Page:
1. Faces. Full faces with smiles. I love seeing smiles, smiling back. I’ve missed this. And now I can read lips again, too. I didn’t realize how much I relied on reading lips and expressions to help with understanding before we lost that part of our faces.
2. Feral Flaming Forsythia Hedges–not the tidily trimmed ones, but the ones that look like they’re on fire.
3. Horses. I love horses in fields.
4. The BeeGees. How Deep Is Your Love?
5. Young people. Spending my days with young people. Tonight was the Youth Group Auction at church, and a whole church-full of people investing in our young people while having fun.
May we walk in Beauty!


“What we seek, at the deepest level, is inwardly to resemble, rather than physically to possess, the objects and places that touch us through their beauty.” —Alain de Botton


“We are capable of suffering with our world, and that is the true meaning of compassion. It enables us to recognize our profound interconnectedness with all beings. Don’t ever apologize for crying for the trees burning in the Amazon or over the waters polluted from mines in the Rockies. Don’t apologize for the sorrow, grief, and rage you feel. It is a measure of your humanity and your maturity. It is a measure of your open heart, and as your heart breaks open there will be room for the world to heal.” —Joanna Macy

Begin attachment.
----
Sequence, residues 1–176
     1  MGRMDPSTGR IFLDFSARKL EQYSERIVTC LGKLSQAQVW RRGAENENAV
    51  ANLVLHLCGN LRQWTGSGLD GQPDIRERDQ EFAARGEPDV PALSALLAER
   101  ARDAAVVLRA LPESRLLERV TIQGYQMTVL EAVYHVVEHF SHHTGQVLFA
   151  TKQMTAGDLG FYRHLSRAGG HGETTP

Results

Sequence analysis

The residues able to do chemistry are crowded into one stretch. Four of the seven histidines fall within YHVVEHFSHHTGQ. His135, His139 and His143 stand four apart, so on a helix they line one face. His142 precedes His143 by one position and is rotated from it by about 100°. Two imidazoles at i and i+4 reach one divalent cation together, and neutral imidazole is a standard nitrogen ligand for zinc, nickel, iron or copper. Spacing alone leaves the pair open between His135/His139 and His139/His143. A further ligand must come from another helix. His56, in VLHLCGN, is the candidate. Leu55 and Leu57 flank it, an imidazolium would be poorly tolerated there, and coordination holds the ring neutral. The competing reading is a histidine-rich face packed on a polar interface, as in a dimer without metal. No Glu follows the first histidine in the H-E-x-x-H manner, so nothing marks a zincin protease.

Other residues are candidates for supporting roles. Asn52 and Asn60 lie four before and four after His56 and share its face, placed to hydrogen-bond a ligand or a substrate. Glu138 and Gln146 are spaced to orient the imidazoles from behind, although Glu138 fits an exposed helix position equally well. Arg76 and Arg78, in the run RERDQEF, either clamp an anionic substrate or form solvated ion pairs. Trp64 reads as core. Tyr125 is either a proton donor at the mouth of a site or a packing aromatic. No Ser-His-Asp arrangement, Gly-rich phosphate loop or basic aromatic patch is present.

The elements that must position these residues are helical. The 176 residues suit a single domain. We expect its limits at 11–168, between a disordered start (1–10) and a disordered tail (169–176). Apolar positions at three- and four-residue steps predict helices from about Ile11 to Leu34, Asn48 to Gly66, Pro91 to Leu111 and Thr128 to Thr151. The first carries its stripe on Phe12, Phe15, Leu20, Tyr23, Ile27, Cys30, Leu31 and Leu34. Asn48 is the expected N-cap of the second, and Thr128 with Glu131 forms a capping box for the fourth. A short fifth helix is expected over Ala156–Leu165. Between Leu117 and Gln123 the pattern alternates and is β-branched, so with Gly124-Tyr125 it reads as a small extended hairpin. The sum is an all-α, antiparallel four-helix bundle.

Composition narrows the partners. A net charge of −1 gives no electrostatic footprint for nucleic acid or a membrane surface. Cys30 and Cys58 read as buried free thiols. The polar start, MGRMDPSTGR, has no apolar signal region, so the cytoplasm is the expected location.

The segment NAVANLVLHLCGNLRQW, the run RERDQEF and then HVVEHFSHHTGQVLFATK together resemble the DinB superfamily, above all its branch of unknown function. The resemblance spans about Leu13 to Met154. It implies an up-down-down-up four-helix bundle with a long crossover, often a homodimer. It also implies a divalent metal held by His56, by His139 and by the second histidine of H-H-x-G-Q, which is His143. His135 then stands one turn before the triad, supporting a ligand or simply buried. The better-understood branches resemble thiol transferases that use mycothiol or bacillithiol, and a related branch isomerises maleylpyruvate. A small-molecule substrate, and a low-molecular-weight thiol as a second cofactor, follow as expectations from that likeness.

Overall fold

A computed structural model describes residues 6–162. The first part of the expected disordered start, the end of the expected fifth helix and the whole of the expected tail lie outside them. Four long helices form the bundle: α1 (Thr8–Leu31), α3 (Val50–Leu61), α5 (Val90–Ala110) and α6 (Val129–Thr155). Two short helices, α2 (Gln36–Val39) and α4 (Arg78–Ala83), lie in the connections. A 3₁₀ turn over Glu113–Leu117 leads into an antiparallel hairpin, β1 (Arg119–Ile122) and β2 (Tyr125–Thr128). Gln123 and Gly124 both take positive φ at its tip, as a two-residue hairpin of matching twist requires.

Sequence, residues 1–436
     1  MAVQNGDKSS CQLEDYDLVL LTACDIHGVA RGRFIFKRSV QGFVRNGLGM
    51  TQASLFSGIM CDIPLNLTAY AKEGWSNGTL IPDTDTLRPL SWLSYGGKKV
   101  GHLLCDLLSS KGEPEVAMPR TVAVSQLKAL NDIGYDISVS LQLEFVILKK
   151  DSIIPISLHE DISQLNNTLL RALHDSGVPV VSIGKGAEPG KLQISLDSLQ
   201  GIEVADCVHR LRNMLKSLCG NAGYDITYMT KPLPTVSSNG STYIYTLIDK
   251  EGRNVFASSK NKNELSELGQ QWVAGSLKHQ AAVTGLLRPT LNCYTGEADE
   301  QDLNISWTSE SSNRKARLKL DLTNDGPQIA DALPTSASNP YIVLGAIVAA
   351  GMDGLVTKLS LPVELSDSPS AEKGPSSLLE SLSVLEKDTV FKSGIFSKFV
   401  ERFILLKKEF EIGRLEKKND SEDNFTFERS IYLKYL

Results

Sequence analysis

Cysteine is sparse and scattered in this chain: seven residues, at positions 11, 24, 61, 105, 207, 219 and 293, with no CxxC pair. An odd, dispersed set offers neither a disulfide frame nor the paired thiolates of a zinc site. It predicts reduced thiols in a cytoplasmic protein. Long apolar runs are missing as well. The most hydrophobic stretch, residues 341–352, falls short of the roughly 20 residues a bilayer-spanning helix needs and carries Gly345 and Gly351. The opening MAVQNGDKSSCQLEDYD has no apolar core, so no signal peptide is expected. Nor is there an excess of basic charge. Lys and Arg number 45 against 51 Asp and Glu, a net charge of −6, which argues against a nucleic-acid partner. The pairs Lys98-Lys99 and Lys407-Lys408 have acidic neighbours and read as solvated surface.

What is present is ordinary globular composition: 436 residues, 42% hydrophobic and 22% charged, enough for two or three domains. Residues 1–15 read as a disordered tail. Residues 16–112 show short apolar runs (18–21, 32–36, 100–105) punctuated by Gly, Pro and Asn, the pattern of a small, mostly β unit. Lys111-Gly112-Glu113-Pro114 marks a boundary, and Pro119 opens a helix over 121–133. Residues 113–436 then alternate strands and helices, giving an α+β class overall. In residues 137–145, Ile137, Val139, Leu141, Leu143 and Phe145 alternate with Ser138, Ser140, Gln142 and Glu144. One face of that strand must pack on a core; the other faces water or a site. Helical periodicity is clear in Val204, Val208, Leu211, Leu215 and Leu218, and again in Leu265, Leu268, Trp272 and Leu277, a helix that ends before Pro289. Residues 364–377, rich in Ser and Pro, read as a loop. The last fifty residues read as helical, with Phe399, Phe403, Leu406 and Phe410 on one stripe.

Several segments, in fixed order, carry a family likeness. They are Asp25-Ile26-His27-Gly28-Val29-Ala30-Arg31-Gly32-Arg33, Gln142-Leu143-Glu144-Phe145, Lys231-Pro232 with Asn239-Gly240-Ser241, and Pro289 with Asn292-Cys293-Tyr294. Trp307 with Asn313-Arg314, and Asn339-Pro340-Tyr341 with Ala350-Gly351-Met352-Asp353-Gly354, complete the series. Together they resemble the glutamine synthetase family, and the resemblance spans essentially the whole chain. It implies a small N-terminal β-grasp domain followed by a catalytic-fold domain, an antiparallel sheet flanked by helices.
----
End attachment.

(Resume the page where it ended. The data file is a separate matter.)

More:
“We should have respect for animals because it makes better human beings of us all.” —Jane Goodall


“Let yourself be silently drawn
by the strange pull of what you love.
It will not lead you astray.” —Rumi


“If you hear the dogs, keep going. If you see the torches in the woods, keep going. If there’s shouting after you, keep going. Don’t ever stop. Keep going. If you want a taste of freedom, keep going.” —Harriet Tubman


“The little grassroots people can change this world.” —Wangari Maathai


“Some form of the prayer of quiet is necessary to touch me at the unconscious level, the level where deep and lasting transformation occurs. From my place of prayer, I am able to understand more clearly what is mine to do and have the courage to do it. Unitive consciousness—the awareness that we are all one in Love—lays a solid foundation for social critique and acts of justice.” —Richard Rohr


“You don’t have to attend every argument you’re invited to.” —Anonymous

Living with Covid’s Aftershocks